Competitive manufacturers continually look for ways to improve efficiency, optimize their processes, and innovate. The most successful companies also extend those practices to IT as well as their physical operations. The challenge is, however, that in an era of increasing digitization and automation, most manufacturers have discovered that their legacy enterprise resource planning (ERP) manufacturing production software doesn’t provide them with the capabilities they need. The question is, what will?
The market is filled with manufacturing software, from simple to complex and designed for a range of different types of operations, which can lead to a time-consuming search to find the best solution for your unique business. This guide will help you narrow your choices and focus on options that will result in the greatest value for your operation.
Whether you are implementing manufacturing ERP software for the first time or upgrading to keep up with new demands, start your search by considering solutions with these six features:
At its core, manufacturing ERP software helps operations plan production. Software should have the ability to help operators coordinate with their supply chains, monitor inventory, coordinate with accounting and finance, and schedule labor. When ERP adoption first picked up steam a few decades ago, manufacturing operations still relied heavily on proprietary equipment and systems that operated in data silos. Today, manufacturers should look for next-generation software that they can leverage to plan and manage production in a connected, digital environment.
Software that provides visibility into the dynamic processes in the factory and helps facilitate collaboration between many processes running and sending information between people, machines, and data systems.
Your software should also give you total visibility into your operations and the ability to set boundaries for certain metrics, e.g., inventory levels, overtime, and machine utilization. Therefore, you can immediately address small issues or address anomalies before they lead to downtime.
It’s uncommon for the process from initial design to production to take place without making changes. Your manufacturing software should enable you to track changes and keep a record of procedure versions. The software should be able to tell you beyond a doubt which procedure version and bill of materials (BOM) was used for each part or assembly you produced, allowing you to deliver the highest-quality products – and customer satisfaction.
This data stored in your manufacturing software can also provide the records you need for regulatory or client compliance reporting or audits. Also, if a recall is necessary, your software should enable you to manage it and minimize costs and waste associated with it.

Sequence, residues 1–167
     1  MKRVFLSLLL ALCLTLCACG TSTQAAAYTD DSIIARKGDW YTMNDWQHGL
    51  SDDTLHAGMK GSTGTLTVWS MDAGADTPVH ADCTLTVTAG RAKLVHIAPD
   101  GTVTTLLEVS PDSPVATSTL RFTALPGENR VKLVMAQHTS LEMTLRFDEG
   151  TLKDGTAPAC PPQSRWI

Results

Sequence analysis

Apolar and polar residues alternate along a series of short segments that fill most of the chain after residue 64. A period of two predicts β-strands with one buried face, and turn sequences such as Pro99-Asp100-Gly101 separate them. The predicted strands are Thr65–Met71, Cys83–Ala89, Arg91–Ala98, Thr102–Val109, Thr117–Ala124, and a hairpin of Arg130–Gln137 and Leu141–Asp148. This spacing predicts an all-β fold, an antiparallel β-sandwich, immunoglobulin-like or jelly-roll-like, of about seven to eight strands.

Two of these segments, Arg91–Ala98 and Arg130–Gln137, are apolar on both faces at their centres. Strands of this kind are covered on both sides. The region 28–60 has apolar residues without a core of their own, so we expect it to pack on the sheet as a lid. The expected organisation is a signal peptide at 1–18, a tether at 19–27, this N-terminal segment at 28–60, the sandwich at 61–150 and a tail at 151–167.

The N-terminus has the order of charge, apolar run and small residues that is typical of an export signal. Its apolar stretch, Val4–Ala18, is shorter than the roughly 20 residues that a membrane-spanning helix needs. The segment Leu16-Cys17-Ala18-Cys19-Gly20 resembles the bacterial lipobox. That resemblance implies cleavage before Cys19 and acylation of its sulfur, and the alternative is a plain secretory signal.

With all the data that your operation generates, your manufacturing software should give you the opportunity to extract value from it. Choose a solution with an analytics engine that can combine both real-time and historical data to help you forecast, avoid bottlenecks and make smart decisions that help you improve processes.
Also, because data analysis can provide value to every team member, from the top down, look for ways to make insights consumable by any employee. Integration with a visualization tool can provide team members in various roles with the specific insights that are most important to them.
Teams can focus so much on their own responsibilities that they don’t share data or work with other departments’ schedules in mind. Manufacturing ERP software can give you the framework for a plan that helps teams, from engineering and production to marketing and HR, align so that schedules aren’t disrupted, and your entire company maintains a big-picture view of operations.
Legacy ERPs have a reputation for improving efficiency but also being complicated to use. Employees may not immediately trust a new solution or resort to workarounds instead of using an ERP they don’t understand. Look for manufacturing software with a user-friendly interface, simple navigation and a record or high user adoption. Everyone is getting very used to great software and UX in their daily lives, on everything from email to stock trading, so why shouldn't the software they spend most of their day in be very user-friendly?
When employees find a tool that makes their lives easier and makes them more successful in their jobs, they’ll use it.
As you are evaluating manufacturing software features, also take time to vet the software’s vendor. You want to choose a company with a good record in business and is familiar with your market or niche. However, also look for one that is dedicated to innovation and has developed a platform that gives you the ability to add new features or integrate new technologies. Ask to see their product roadmap to learn whether it addresses the trends, such as robotic process automation (RPA) or artificial intelligence (AI), that may impact your business in the coming years.
Choosing software from a vendor that provides you with the features you need today, as well as the ability to scale and enhance your system with new features in the future, will ensure you get the most return from your investment.